February 17, 2012

Does Your Shoulder Hurt? It could be your big toe!

Good Friday To You!

I had a very busy day yesterday. So busy, I only got a short morning session of tai-chi due to business meetings and obligations.

It was my day off in the gym, so fortunately, I had more time to attend to business matters.

I’ll be at home working with my stones and doing some art today and tomorrow my buddy Sean Greely and I will head to Encinitas for a massage and a steam.

I hope you all have a lovely weekend and I’ll look forward to sharing more with you Monday. In the mean time:

Does Your Shoulder Hurt?


The shoulder joint is very complex compared to most joints in the body. The shoulder is capable of a very wide range of motion and can move at very high speeds.

Because the joint surface the humeral head (round part of the upper arm that makes up half the joint) rests on a very small (scapular) surface, which only covers about 30% of the humeral head, the shoulder joint is naturally unstable.

Many athletes and workers hurt their dominant shoulder when throwing, lifting heavy loads, or using tools, such as a sledgehammer. Naturally, they go to doctors and therapists because “their shoulder hurts”.

The result is that they get their shoulder looked at and treated, yet, very frequently, the shoulder pain is only a symptom of problems in the spine, hips or legs.

I was once referred a professional baseball pitcher who had already had surgical intervention for chronic shoulder instability.

He was getting worse and worse in rehab and couldn’t pitch any longer, even though he was still early in his professional career.

Naturally, this is very scary for a professional athlete who is already seeing the best doctors and therapists money can buy!

When he came to me, I evaluated his Primal Pattern® movements (You can learn more about Primal Pattern® movements in my book, Movement That Matters).

To evaluate his twist pattern, I created a mock pitching mound and had him throw a baseball-sized medicine ball at a rebounder.

I immediately noticed he avoided stepping across his right foot and that he was over utilizing his abdominal muscles and shoulder to compensate.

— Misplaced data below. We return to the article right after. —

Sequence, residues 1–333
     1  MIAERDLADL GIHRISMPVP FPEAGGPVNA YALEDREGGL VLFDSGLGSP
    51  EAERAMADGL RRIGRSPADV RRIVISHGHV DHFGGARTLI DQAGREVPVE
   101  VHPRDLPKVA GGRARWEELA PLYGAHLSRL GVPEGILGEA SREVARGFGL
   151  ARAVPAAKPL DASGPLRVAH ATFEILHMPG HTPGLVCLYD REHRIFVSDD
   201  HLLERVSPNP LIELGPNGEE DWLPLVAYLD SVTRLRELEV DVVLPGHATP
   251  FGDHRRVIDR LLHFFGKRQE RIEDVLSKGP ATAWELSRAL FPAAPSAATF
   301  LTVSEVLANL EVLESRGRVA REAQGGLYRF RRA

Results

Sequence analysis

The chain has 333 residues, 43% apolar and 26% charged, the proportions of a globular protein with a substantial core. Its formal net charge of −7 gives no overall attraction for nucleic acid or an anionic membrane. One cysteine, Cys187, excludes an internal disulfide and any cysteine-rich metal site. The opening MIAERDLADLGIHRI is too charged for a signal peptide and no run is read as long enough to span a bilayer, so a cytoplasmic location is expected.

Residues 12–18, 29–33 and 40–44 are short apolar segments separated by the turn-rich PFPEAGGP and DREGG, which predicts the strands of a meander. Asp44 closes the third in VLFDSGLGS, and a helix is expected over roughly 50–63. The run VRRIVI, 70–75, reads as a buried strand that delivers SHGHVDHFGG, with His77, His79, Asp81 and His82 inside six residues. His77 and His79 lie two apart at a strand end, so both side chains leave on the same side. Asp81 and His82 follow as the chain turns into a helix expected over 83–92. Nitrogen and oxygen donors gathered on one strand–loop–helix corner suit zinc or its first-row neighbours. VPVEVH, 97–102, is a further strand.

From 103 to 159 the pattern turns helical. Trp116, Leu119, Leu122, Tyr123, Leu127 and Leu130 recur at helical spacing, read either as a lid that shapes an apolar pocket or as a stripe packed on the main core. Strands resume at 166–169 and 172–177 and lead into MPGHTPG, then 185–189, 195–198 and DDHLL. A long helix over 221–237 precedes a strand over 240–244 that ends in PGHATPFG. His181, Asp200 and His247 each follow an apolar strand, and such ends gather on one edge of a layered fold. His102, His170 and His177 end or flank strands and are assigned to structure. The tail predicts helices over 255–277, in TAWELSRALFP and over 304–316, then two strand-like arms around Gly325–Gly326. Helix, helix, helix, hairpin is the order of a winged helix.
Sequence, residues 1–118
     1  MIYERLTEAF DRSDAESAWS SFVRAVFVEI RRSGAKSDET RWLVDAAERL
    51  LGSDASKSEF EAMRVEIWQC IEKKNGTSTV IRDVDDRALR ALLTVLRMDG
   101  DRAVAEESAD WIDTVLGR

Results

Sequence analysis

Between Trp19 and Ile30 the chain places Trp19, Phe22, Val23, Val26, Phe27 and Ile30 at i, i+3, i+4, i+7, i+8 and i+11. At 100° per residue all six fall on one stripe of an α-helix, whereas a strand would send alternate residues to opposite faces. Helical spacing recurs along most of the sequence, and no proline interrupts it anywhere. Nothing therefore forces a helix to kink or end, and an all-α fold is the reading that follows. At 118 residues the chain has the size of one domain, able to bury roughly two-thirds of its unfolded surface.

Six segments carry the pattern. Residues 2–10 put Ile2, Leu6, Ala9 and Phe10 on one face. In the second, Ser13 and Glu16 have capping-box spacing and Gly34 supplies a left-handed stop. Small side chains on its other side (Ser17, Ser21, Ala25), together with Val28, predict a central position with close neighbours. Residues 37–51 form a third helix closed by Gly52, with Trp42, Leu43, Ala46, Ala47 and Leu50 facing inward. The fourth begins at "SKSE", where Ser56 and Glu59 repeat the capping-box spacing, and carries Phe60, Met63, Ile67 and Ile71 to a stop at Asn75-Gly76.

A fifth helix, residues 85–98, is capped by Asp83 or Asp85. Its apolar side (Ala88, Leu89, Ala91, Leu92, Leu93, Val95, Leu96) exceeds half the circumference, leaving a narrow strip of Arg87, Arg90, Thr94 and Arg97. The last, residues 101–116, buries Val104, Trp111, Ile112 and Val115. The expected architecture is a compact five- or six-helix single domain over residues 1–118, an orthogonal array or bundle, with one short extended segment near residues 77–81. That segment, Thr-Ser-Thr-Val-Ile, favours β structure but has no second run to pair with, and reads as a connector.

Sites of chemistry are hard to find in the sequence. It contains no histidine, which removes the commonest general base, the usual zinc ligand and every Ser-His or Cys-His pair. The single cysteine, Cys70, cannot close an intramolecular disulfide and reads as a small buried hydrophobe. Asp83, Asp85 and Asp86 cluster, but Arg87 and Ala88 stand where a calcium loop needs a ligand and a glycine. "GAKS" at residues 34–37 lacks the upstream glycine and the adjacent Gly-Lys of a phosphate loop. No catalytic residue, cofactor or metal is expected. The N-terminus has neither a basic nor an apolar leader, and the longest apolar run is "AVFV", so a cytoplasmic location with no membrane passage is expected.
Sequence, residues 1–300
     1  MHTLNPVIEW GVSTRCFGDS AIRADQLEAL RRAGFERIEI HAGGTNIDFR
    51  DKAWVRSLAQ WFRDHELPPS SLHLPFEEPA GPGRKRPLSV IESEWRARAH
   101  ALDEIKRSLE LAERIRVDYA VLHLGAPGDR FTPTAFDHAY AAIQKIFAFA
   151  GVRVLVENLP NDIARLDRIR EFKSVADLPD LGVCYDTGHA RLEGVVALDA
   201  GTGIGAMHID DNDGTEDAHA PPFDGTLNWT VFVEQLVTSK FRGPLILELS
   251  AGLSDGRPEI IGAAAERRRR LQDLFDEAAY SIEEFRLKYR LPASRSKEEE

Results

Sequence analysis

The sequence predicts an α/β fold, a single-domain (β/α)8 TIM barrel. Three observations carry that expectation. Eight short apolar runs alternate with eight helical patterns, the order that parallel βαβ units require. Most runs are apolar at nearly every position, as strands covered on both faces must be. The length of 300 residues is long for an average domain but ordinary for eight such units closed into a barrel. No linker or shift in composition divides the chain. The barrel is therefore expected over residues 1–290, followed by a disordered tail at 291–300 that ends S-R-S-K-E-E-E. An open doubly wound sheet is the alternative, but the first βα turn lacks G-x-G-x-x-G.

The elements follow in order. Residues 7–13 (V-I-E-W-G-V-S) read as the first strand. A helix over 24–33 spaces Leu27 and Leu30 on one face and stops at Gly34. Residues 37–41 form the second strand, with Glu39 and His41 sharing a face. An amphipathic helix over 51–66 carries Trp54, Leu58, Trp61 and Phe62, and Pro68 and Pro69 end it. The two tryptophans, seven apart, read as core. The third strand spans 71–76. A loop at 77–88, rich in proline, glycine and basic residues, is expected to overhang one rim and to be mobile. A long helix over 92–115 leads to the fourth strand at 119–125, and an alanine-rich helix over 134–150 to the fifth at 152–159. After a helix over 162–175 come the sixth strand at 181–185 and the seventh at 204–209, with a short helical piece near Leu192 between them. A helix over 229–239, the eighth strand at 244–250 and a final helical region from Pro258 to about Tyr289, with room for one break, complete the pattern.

I inquired as to why he didn’t step across his foot and accelerate the ball with his driving leg.

He informed me that he’d had turf toe (an overuse injury to the great toe) for many years and that it hurt to step across the mound properly so he’d learned to throw differently to avoid the pain.

Because about 56% of the force applied when throwing any object comes from the legs and trunk, I knew immediately that his shoulder injury was most likely the result of having to accelerate a baseball to almost 100 MPH without the use of his legs and ineffective use of his trunk.

I made modifications to my mock pitching mound by covering it with soft rubber from an Airex exercise mat so his great toe was well cushioned.

I then had him repeat the test and he threw the ball so hard (with the same perceived effort!) that when it hit the rebounder, it bounced off so hard it almost tore the ceiling panels right out!

The athlete was so shocked, he looked at me and said “What Just Happened!? “I didn’t throw the ball any harder than before but it went a hell of a lot faster!”

I explained how the primary force generators in the pitch are not the arm, but are the legs and core muscles.

Because he couldn’t step across his foot, he couldn’t generate power from his legs properly and had to use his trunk and arm incorrectly to compensate.

He was blown away and asked, “Why the hell didn’t my doctors and therapists figure this out after two years of poking, prodding and surgery?”

I could only inform him that the medical model doesn’t understand functional anatomy, but that we could get his shoulder working again.

I referred him to a very skilled sports podiatrist to have a special rocker shoe soul made for that leg so he could get the right movement of the leg, allowing him to generate the right muscle recruitment sequence again.

That, and a little corrective exercise and clinical massage therapy put him back in the game again.

In my professional career as a Holistic Health Practitioner, I’ve helped countless people recover from chronic and acute shoulder injuries by looking at the body as a holistic system.

Workers and athletes who thought their careers were over were able to return to achieve great performances consistently with my “whole body-mind” approach.

Well, that’s it for today!

I hope you’ve enjoyed learning a little about how the body and shoulder work together.

If you would like to learn how to exercise your arms and shoulders safely and effectively, and many essential tips on how the body works as a holistic system in relation to the shoulder, many new and useful methods are now available to you in my new Scientific Shoulder Training correspondence course.

This is a very well illustrated course with over 6 hours of DVD instruction and a 285 page course manual that is easy to learn from regardless of what our learning style is.

If you like to watch, you can watch. If you like to read, you can read. If you like to listen, you can listen.

I like to offer “whole brain” learning experiences to maximize your opportunity to understand how your body works and perform well at what you love to do for the rest of your life!

Feel free to visit the C.H.E.K Institute order page and fill out the short form so we can notify you of our early-bird purchase offer.

This course is coming off the press now and will be ready any moment so don’t miss your chance to get a good discount.

I’d love to see you all enjoy exercise in a healthy, injury free and free flowing way.

Love and chi,
Paul Chek